• Eat high-protein, high-calorie foods.
  • Avoid liquids with meals to keep from feeling full early (unless needed to help with dry mouth and swallowing).
  • Avoid the smell of foods while they are being prepared.
  • Eat the foods you like the most.
  • Eat with others and at a table if possible. Make eating as much of a pleasure as you can. Removing medical equipment and supplies may help improve appetite.
  • Try some type of activity before meals if you can to help increase appetite.
  • Don’t force yourself to eat.
  • Try to maintain your present weight, but don’t feel pressured to regain weight if you have already lost some.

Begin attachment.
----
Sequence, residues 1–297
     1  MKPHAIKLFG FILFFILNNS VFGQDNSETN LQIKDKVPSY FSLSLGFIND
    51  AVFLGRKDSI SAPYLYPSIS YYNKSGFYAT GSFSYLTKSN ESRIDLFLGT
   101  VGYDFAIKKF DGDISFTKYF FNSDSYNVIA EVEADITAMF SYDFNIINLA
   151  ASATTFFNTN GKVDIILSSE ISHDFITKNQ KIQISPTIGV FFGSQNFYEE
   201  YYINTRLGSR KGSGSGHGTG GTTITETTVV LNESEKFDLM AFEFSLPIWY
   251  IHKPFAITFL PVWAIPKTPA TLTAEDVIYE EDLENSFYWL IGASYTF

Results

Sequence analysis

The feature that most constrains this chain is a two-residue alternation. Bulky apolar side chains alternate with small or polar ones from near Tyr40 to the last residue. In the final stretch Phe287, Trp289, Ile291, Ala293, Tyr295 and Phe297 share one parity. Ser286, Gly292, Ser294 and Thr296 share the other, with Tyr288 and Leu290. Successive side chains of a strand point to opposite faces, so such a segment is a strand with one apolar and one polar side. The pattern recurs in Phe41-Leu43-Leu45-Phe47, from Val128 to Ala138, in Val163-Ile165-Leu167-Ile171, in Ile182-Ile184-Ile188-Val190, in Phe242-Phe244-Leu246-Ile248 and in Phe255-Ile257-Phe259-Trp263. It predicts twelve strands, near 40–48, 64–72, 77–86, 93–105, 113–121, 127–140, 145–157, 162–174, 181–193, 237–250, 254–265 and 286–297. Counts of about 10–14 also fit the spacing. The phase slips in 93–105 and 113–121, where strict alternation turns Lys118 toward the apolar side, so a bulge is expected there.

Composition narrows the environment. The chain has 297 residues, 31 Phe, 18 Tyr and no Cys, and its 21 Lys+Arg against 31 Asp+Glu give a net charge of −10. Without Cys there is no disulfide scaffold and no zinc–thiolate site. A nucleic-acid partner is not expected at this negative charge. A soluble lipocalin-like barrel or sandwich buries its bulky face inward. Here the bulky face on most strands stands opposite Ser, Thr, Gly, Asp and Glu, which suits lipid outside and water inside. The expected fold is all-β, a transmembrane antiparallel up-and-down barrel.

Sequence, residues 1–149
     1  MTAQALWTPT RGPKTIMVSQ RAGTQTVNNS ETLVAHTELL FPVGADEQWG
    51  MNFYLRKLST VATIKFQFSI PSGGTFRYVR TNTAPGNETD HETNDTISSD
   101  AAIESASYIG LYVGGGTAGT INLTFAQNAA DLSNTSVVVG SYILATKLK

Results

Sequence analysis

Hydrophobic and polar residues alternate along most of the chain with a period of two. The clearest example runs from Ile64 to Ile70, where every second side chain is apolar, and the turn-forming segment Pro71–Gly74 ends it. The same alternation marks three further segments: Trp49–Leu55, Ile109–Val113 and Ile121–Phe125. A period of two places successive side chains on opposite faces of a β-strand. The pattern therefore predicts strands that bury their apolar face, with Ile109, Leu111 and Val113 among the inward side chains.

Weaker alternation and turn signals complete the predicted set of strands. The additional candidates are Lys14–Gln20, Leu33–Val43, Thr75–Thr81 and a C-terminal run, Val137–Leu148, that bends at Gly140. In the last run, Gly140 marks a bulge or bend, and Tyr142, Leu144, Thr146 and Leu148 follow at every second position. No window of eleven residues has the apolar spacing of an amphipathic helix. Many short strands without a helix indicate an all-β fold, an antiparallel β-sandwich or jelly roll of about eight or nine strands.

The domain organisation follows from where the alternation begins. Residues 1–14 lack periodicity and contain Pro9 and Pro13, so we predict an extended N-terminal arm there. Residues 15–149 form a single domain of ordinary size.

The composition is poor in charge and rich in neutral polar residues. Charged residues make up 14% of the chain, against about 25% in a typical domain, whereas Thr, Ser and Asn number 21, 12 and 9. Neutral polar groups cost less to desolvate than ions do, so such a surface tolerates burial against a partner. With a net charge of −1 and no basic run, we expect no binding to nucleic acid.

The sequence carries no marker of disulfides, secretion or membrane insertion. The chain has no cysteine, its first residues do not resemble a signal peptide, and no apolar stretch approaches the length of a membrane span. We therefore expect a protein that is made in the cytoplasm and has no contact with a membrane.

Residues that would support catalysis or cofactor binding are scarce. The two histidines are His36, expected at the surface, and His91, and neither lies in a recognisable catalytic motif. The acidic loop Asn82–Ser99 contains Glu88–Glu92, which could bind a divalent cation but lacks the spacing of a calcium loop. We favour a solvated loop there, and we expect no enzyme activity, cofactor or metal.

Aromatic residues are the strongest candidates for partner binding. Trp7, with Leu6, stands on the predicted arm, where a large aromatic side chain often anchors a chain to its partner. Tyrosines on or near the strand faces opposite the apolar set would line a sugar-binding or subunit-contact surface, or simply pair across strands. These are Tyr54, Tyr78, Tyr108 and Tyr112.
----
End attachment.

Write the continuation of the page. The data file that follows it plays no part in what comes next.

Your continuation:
• Drink enough fluids to help keep your bowels moving regularly
  • Try liquid or powdered nutrition supplements when you don’t feel like eating.
  • Take all of your medicines exactly as prescribed.  Tell your doctor, nurse or hospice care team members about any problems or questions you have. Your doctor may be able to suggest a simple change in the dosage or timing of your medicines that will correct problem you might have. 

At Work


More information about this subject is contained in the Main Article in "To Learn More."

To Learn More

Main Section

Seeking Work

Having advanced colorectal cancer while seeking work adds a traumatic event to an already stressful endeavor.

You may be tempted to speed up medical decisions such as which doctor(s) to use and which treatments to undergo.  However, both of these decisions are important to your long term health and should not be rushed. In fact, as you will see in our document about your medical care, it is advisable to take the time to get a second opinion from a different cancer specialist before starting treatment.